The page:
4) Do you plot your book, or are you a pantser?
I didn’t plot my first novel, Damaged at all… in as much as I knew exactly how it was going to end, and had a rough idea where it was starting… but everything in-between, I just sat and wrote. Girl A, my second novel, was much more heavily plotted out in a notebook, and I did the same for my third novel, which I’ve recently finished. So I guess as my writing develops, I’m discovering that I’m more of a plotter.
5) What is your average writing day?
My writing day is complicated, as I still work full time in my other career as a Graphic Designer. So writing has to fit in around my 9-5 job. It’s a lot of late nights, and sometimes when I’m really in the flow of it, I’ll sit and write for an hour on my lunch break. I’ve been working from home since last March due to the pandemic, so it makes writing on my lunch break more doable. I also used to have to commute an hour each way to work every day, so I try to use those extra 2 hours I have these days to write.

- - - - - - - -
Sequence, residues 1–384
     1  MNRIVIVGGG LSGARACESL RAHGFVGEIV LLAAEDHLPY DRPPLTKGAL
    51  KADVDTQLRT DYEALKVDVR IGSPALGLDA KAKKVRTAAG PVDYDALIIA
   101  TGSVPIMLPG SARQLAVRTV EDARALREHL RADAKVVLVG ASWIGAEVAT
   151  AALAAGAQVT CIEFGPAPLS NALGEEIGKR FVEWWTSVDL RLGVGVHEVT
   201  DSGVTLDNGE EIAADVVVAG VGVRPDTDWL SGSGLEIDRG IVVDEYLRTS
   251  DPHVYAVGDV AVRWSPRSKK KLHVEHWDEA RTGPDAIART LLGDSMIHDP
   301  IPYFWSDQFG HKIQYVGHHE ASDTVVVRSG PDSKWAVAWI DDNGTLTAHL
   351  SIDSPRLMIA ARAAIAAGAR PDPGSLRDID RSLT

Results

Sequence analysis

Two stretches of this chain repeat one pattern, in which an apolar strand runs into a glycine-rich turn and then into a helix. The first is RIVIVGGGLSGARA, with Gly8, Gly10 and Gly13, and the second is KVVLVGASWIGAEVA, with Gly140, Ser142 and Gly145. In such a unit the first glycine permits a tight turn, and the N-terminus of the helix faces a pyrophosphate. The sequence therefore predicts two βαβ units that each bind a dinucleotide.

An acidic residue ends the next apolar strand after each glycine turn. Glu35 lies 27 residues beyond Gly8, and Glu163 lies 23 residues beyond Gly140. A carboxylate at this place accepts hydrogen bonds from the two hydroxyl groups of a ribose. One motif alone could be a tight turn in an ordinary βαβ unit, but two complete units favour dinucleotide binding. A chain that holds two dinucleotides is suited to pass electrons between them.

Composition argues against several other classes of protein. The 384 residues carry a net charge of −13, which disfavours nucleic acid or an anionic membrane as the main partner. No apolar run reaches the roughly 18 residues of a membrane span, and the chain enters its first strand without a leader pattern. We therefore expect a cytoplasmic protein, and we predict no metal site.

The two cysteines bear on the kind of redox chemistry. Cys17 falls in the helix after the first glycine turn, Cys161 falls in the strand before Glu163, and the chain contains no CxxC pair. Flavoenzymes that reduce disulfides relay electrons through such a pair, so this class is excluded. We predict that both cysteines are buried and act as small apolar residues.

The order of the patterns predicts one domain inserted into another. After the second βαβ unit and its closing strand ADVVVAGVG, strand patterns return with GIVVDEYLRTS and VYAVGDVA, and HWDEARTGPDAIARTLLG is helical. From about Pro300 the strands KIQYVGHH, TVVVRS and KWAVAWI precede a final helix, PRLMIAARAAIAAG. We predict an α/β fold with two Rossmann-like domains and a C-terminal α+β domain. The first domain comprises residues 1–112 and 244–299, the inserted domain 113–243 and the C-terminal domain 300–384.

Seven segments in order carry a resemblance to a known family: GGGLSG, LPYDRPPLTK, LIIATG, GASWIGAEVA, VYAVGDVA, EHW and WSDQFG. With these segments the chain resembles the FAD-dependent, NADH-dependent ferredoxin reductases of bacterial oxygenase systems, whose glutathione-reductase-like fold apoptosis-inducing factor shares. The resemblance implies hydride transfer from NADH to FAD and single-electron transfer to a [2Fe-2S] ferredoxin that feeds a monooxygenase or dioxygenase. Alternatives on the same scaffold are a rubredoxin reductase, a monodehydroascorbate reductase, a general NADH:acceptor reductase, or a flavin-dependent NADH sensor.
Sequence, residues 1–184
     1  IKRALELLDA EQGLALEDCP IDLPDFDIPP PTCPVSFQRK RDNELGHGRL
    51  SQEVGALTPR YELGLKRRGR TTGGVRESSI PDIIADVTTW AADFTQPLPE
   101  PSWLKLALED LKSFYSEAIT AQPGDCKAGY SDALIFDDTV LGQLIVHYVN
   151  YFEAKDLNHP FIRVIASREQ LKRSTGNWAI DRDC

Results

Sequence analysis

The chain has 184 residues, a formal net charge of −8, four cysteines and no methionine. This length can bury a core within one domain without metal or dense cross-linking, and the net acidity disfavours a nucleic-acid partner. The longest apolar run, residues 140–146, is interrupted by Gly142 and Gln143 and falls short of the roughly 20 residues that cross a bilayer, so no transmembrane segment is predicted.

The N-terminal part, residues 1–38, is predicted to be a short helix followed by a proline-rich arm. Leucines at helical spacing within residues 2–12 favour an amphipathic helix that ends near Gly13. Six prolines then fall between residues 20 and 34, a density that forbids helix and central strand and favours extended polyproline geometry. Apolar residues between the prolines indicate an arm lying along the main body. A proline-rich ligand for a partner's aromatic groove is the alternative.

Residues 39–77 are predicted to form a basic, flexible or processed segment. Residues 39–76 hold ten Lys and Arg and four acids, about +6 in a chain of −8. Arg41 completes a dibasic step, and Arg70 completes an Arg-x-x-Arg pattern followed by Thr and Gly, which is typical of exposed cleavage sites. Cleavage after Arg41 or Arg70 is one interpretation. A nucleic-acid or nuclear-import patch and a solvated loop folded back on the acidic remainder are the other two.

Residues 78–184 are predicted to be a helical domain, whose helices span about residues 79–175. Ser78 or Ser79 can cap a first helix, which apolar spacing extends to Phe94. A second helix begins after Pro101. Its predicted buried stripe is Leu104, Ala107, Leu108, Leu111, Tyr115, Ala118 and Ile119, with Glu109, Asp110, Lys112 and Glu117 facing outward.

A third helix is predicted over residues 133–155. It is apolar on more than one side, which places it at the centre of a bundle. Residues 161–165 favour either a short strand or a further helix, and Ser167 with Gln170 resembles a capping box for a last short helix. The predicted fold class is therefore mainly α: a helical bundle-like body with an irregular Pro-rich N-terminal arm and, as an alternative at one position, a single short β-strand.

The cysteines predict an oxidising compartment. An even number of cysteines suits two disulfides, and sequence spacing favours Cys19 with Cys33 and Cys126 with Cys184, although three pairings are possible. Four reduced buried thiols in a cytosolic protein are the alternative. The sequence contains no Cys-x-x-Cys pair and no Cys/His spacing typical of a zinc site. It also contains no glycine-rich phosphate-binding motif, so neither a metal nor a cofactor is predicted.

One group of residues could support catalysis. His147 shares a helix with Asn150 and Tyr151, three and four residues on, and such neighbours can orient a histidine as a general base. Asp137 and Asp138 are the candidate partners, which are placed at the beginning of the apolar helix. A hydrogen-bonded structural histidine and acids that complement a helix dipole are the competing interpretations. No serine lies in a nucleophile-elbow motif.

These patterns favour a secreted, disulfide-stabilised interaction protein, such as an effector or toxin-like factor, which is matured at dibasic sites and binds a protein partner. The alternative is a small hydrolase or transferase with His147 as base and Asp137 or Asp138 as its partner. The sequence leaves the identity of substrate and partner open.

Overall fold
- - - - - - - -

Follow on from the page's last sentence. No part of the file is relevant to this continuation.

My weekends are usually filled with spells of writing too. I find my best ideas come to me quite late at night. In terms of where I write, I don’t actually have a designated writing space. I appreciate that some authors might think this is absolutely bonkers, but I just sit wherever I’m comfortable, whether that be on the sofa, with my laptop on my lap, in the garden if the weather is nice in the summer, or at my desk. I tend to write less at my desk these days, because I’m working from home, so if I sit there to write I feel like I am always at ‘the office’.
6) What is the best thing about being an author?
For me, there are so many great things about being an author. I really enjoy the creative process, I love coming up with characters, and storylines, and asking myself what each person’s motivation is for the way they behave. I’m extremely interested in how events in the past shape a person’s future… I think that tends to be a theme in my books.
I also get a huge kick out of knowing that something that I’ve written is being read by people around the world. It makes me feel very proud. But I think THE best feeling, if I had to choose, is when people send me messages about my books, telling me how much they’ve enjoyed them. And when they start talking about my characters as if they are real people… that gives me a real kick.